Kateusz notes later copies of the same manuscripts omit that Mary raised her hands. Raising her hands is taking the posture of a priest, or of one who is officiating over Holy Communion. Some manuscripts have Peter in place of Mary leading in prayer praising God. The narrative then shows the apostles arrive to see Mary and Peter raises his arms and prays. In another manuscript, the Gaelic Dormition, the original text has both Peter and Mary asking Jesus questions, and in the later, redacted manuscript, Peter asks both of the questions. Mary is effectively silenced in line with the author of 1 Timothy.
In the same way, narratives that originally say Thecla converted and baptized people were amended to say that Thecla asked a male priest to baptize people she had taught and converted. Similarly, the Acts of Philip gospel was revised to replace Mariamne with Peter, eliminating her authoritative position. Even when manuscripts are amended, art is better able to preserve the thinking of past eras.
Mary as a High Priest, Bishop, and Eucharist Officiant
Carvings, mosaics, frescoes, and paintings portray Mary pictured as a high priest or bishop, raising her arms and acting as a prayer leader of male apostles. We regularly ask our ministers and priests for prayers of intercession, asking God to bless and help others.
Fig. 4.1 is an illustration from 586 AD that shows Mary larger, in a dominant position and posture. She wears a blue maphorion (a head covering for noblewomen and holy women). There's an angel on each side of her, and Jesus is above, ready to receive her into heaven. On her right is Peter, shown with keys and thick bangs. On her left is Paul, described as bald in the Acts of Paul and Thecla.
The oldest art that links Mary to the Temple in Jerusalem is a fourth-century carving, preserved perhaps because it was in an underground crypt in the Basilica de Santa María Magdalena in France. The sculptor carved the title 'Virgin Mary, Minister of the Jerusalem Temple.' The apocryphal Gospel of Bartholomew, and Gospel of James (Protoevangelium of James), described Mary at the Altar of the Jerusalem Temple and inside its Holy of Holies. Her posture is that of a priest: raising her arms to bless people, lead in prayer and praise God.
The portrayal of Mary as a bishop was widespread when Popes of the seventh century commissioned the mosaic at the Lateran Baptistery Chapel in Rome. The mosaic is above the altar, placing Mary in the location of the Eucharistic leader of sixteen men. The close-up shows Mary with raised arms, wearing red shoes and an episcopal pallium. Red shoes are still worn today by the Pope (the Roman Bishop). The episcopal pallium is a liturgical vestment a narrow band looped around her neck with one long end hanging down; it is only worn by bishops and archbishops. Christ is pictured above Mary and blessing her. While other ancient art is displayed for tourists, this mosaic is intentionally hidden by a huge altarpiece with a painting of a quiet, unassuming Mary holding her baby.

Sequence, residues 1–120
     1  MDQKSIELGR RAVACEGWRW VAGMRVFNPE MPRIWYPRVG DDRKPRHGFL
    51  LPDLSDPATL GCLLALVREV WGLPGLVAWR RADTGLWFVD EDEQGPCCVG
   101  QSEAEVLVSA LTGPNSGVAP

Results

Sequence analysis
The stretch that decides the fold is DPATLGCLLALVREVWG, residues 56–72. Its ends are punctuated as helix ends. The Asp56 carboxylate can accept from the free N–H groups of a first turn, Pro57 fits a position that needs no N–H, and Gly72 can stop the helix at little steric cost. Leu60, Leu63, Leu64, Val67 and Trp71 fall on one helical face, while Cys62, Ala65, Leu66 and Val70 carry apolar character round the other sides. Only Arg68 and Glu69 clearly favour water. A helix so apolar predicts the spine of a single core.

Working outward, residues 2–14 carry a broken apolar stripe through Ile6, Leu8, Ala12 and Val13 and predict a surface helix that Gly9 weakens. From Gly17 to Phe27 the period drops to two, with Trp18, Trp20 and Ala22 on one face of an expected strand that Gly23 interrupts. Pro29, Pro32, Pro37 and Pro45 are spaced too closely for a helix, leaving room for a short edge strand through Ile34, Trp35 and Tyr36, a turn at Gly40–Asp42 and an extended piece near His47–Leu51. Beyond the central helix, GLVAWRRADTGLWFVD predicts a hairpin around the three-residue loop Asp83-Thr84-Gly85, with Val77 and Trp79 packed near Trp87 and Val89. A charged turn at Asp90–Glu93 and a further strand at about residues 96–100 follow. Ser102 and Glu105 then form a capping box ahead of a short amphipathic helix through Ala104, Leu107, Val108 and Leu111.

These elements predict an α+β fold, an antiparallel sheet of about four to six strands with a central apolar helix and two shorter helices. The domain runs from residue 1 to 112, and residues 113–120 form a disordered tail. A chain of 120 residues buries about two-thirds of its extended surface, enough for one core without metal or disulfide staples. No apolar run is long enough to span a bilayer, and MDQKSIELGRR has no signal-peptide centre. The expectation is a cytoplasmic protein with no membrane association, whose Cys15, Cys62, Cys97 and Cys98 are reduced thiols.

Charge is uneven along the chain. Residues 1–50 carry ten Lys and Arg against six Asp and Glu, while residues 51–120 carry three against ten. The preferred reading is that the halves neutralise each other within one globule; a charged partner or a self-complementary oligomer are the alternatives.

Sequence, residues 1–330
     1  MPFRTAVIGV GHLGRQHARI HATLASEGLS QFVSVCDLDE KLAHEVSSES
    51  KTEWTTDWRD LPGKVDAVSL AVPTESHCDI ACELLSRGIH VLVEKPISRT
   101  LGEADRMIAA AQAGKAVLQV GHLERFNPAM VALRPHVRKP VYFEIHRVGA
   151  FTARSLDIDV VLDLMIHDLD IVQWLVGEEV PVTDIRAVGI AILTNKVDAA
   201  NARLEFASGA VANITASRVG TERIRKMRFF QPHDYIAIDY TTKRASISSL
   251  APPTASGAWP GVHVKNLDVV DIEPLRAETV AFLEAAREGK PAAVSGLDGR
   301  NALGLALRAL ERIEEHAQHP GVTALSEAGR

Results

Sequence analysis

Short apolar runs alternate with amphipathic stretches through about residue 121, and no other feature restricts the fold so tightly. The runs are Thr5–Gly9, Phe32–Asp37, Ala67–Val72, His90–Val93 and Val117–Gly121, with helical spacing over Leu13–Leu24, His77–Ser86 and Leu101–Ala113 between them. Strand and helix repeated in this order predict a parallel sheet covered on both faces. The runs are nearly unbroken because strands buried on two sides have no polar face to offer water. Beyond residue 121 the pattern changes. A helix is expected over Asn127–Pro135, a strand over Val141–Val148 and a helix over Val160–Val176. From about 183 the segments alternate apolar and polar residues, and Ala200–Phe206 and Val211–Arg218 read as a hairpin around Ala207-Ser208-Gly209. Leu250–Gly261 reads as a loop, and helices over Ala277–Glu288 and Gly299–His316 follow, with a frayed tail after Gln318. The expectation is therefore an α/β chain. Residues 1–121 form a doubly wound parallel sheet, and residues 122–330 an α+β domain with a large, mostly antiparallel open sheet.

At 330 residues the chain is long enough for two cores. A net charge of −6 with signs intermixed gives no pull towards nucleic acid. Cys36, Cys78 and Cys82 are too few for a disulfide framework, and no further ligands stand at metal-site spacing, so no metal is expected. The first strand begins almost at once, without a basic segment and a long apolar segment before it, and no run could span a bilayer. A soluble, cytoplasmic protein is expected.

As the church often commissioned art, it also regulated art so that it reflected the views and doctrines of the church. After the fourth century, the halo on Jesus was always divided into three to represent the Trinity. Kateusz states that in 1916 the Holy Office forbade depictions of Mary dressed in priestly vestments.
Early art not only showed Mary as a priest or bishop but also as a Eucharist Officiant. Art indicates a Christian minister officiating at Holy Communion with arms raised, wearing an episcopal pallium and holding a Eucharistic cloth called the maniple. The officiant would use this cloth to touch the chalice holding wine and the plate of bread. The maniple is a narrow white cloth, often with fringes and embroidered with thin red stripes. Only a person with liturgical authority would hold it, keeping it tucked in their waistband until needed to serve Communion. Kateusz provides this photo of a sixth-century altar mosaic in Livadia, Cyprus, showing Mary wearing the blue maphorion and red shoes. Hanging from her belt is the Eucharistic cloth or maniple with two thin red stripes, indicating that she officiates at Holy Communion. A layer of plaster covered this mosaic for several centuries.
Ancient art has preserved the memory of Mary, the mother of Jesus, as a high priest, a bishop and a Eucharist officiant, and a model for women clergy. Other mosaics and carvings portray other women holding the Eucharistic cloth, carrying the open gospel book and wearing the red shoes of a bishop. The church later restricted these symbols of liturgical power and authority to men only. They condemned portrayals of Mary as idolatrous, making her a goddess or object of worship and attempted to hide or destroy such portrayals in art and manuscripts. However, Mary was portrayed not as a god but as a high priest or bishop, wearing the Eucharistic cloth and red shoes, raising her hands to lead in prayer and bless people, similar to portrayals of the church forefathers.
Read post 6 of 7 on how Mother and Son were paired and records of Mary's life after the resurrection.
Mary and Early Christian Women: Hidden Leadership, by Dr. Ally Kateusz. It is Licensed under Creative Commons Open Access:
Also available on GoogleBooks